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Internal Validity

Chapter Nine
Dr Nek Kamal Yeop Yunus
Faculty of business & economics
Sultan Idris Education University

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Internal Validity
Chapter Nine

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What is Internal Validity?

Internal Validity is when observed differences on


the dependent variable are directly related to the
independent variable, and not due to some other
unintended variable.
In other words, any relationship observed between
two or more variables should be unambiguous as to
what it means rather than being due to something
else.
The something else could be:

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Age
Ability
Types of materials used

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Threats to Internal Validity

Subject
Characteristics
Mortality
Location
Instrumentation
Testing

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History
Maturation
Attitude of subjects
Regression
Implementation

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Mortality Threat to Internal Validity (Figure 9.1)

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Location Might Make a Difference

(Figure

9.2)

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Subject Characteristics

The selection of people may result in differences, either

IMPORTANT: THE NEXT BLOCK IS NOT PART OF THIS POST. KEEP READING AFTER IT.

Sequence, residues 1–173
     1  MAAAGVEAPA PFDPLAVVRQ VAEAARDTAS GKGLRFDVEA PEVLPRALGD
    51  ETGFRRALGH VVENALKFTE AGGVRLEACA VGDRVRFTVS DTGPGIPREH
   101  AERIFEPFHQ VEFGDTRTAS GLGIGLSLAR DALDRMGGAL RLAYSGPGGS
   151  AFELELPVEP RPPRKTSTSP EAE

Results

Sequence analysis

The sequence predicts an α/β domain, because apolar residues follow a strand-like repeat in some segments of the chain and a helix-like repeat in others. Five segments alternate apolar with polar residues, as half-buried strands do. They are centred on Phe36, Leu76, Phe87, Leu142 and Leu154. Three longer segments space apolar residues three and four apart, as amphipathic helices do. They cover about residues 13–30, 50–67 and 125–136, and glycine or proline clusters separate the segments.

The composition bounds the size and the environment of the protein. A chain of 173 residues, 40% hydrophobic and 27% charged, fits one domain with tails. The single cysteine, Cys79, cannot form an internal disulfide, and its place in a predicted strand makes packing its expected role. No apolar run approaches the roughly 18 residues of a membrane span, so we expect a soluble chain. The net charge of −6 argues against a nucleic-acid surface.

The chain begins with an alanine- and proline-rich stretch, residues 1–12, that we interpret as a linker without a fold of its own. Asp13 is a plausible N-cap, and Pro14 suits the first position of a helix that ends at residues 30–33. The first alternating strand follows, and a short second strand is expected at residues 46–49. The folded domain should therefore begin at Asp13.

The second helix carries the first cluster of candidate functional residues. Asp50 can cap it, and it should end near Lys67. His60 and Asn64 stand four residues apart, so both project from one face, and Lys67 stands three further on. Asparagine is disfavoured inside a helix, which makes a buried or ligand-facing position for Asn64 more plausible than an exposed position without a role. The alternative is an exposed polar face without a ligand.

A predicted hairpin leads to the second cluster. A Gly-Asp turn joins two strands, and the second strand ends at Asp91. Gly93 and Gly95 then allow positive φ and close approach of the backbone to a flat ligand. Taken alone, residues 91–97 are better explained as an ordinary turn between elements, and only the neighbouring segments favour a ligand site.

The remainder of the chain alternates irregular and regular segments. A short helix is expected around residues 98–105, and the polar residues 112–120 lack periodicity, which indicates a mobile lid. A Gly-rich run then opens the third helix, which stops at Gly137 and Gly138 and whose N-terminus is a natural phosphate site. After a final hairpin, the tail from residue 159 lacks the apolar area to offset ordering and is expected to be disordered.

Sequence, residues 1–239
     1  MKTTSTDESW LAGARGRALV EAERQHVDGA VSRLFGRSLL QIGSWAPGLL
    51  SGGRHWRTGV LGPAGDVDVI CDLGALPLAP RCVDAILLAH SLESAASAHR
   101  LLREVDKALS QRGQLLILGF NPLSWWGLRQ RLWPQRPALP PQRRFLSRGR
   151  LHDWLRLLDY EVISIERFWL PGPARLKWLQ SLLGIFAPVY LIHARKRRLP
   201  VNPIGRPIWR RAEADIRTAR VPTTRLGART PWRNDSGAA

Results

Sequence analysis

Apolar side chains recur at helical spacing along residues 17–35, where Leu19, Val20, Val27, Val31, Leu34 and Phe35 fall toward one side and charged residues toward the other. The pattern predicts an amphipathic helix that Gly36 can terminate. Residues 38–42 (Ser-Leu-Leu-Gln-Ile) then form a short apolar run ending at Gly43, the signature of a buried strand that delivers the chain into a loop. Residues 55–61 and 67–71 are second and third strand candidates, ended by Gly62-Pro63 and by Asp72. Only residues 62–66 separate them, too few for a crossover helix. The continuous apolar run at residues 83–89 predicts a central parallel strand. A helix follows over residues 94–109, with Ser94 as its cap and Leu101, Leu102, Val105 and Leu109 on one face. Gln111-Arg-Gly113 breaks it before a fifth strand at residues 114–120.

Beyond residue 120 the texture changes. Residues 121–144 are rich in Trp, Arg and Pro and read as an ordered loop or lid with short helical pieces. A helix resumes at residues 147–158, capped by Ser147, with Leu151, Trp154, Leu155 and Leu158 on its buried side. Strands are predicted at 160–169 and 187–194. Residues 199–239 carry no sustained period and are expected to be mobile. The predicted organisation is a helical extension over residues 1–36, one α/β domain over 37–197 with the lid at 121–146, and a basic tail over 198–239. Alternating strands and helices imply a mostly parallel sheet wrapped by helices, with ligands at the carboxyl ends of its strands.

between individuals or groups, that are related to the
variables being studied.
This refers to a selection bias or subject characteristics
threat.
If not controlled, these variables may explain away
whatever differences are found in the study.
There are techniques used to either equalize the
differences or control these variables.

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Mortality

It is common to lose subjects as a study


progresses
This is known as mortality threat.
Loss of subjects limits generalizability and can
introduce bias.
Mortality is the most difficult threat to control
for internal validity.
An attempt to eliminate the problem would be
to provide evidence that the subjects lost were
similar to those who remained in the study.

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Location

The particular locations where data is


collected may create different results or
explanations known as location threat.
The best way to control for this is to keep the
location consistent for all subjects.
If this is not possible, the researcher should
ensure that different locations do not favor or
jeopardize the hypothesis.

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Instrumentation

The way instruments are used may


constitute a threat to the internal validity of
a study.
Some examples are as follows:

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Instrument decay
Data Collector Characteristics
Data Collector Bias

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Instrument Decay

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(Figure 9.3)

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A Data Collector Characteristics Threat

(Figure

9.4)

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Testing

A testing threat is when efforts are


achieved by the subjects due to practice
(i.e., pretest, post-test designed study)
An interaction also could cause this by taking
the test and being more aware of a possible
interaction, allowing the subjects to be more